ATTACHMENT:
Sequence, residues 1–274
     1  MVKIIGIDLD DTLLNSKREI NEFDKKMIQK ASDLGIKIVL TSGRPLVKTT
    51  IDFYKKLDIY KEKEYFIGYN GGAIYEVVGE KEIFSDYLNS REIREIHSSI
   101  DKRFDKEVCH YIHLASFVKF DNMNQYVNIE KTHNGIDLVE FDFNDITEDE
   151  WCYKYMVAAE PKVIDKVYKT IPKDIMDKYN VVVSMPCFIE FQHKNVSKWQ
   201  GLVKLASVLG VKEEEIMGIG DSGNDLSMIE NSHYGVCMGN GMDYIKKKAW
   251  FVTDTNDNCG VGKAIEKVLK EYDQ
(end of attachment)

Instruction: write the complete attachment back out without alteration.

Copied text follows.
Sequence, residues 1–274
     1  MVKIIGIDLD DTLLNSKREI NEFDKKMIQK ASDLGIKIVL TSGRPLVKTT
    51  IDFYKKLDIY KEKEYFIGYN GGAIYEVVGE KEIFSDYLNS REIREIHSSI
   101  DKRFDKEVCH YIHLASFVKF DNMNQYVNIE KTHNGIDLVE FDFNDITEDE
   151  WCYKYMVAAE PKVIDKVYKT IPKDIMDKYN VVVSMPCFIE FQHKNVSKWQ
   201  GLVKLASVLG VKEEEIMGIG DSGNDLSMIE NSHYGVCMGN GMDYIKKKAW
   251  FVTDTNDNCG VGKAIEKVLK EYDQ